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Human Interest/Society

Human rights group indicts soldiers over fresh atrocities in NW, SW

The Center for Human Rights and Democracy in Africa, CHRDA has released a list of atrocities committed in the North West and South West regions of Cameroon between the months of May and August 2020.

The international human rights groups accuses the military of atrocities including extra-judicial executions, arbitrary arrests, unlawful detention, looting and extortion, poor prison conditions, and inhumane and degrading treatment of detainees.

The group describes a military offensive of Thursday 28 May 2020 in Bonduma as a massacre.

“This is not the first case of arbitrary executions in Buea, within the context of the Anglophone crisis. On Monday 30 July 2018, five young men in the locality of Bakweri Town were massacred under similar circumstances. On Thursday 27 September 2018, the military (Brigade d’Intervention Rapide – BIR) killed seven unarmed civilians in a compound on Ikundi Street in the Babuti neighbourhood of Buea town,” CHRDA’s release reads.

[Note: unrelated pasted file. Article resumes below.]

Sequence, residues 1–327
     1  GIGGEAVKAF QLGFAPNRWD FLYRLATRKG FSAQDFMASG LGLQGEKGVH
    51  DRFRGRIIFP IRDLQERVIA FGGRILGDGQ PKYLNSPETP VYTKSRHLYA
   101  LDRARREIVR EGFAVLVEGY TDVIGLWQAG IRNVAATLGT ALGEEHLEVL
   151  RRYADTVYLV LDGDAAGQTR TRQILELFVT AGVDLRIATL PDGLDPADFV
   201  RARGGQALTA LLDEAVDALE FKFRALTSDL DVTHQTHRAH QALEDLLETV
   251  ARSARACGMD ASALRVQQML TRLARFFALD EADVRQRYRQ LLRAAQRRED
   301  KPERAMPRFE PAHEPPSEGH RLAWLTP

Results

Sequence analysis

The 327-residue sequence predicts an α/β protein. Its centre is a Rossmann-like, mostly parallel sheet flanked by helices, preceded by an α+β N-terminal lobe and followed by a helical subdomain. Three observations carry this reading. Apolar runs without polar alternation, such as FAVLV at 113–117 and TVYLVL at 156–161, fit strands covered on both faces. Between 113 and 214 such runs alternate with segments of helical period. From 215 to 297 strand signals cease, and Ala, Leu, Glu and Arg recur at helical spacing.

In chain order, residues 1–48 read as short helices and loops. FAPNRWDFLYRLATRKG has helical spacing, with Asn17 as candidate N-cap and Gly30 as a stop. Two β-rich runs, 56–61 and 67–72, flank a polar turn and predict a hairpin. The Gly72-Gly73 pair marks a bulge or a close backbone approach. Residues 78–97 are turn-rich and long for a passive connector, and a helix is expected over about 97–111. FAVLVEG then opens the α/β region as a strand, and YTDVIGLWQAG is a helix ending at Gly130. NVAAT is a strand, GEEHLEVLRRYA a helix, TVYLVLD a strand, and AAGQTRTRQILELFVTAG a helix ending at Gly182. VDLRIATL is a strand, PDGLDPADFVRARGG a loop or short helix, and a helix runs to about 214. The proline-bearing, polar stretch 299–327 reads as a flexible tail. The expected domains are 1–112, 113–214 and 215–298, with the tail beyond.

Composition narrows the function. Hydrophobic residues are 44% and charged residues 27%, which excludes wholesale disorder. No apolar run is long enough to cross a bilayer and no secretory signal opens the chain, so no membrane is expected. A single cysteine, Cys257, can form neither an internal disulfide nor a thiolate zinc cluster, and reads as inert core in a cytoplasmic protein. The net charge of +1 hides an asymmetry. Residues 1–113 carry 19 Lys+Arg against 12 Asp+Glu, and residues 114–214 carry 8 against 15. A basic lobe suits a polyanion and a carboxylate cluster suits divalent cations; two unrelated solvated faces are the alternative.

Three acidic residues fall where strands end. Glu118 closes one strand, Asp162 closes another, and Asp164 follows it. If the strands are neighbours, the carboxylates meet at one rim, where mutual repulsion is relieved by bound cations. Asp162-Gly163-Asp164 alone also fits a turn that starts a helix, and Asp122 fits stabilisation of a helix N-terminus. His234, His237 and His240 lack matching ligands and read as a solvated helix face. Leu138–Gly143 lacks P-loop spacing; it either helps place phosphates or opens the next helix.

Other instances cited include the execution of Ebangi Brice in Bangem, South West region; military operations in Menchum Division, North West Region (July); the shooting of three children in Tiko; Military operations in Mautu, and military operations in Ikiliwindi.

“Arbitrary arrest and illegal detention are one of the methods employed by government forces to crack down on separatist fighters. Unfortunately, only the civilian population is suffering the effects,” the CHRDA report states.

The harassment of civilians, it adds, is another daily reality of civilians.
“On several occasions, civilians have been arbitrarily and unlawfully detained, and have paid a bribe to regain their freedom. Some die in the process, killed by the military. The military continues to fight in civilian-inhabited areas, and stray bullets have killed several civilians.”

It cites one of several arrests in Muyuka, a violent hotspot in the South West region: “On 6 July 2020, the military conducted a mass, cordoned search of Mamfe, Manyu Division, SWR, harassing and arresting over 60 persons, and later detaining them at the Mamfe Police station. Fifty were subsequently released, while ten remained in custody.”

The human rights body ends its report with a call for an investigation. “The Government must protect, promote and fulfil human rights. Doing this will rekindle trust and collaboration between the rights bearers (civilians) and public authorities.”

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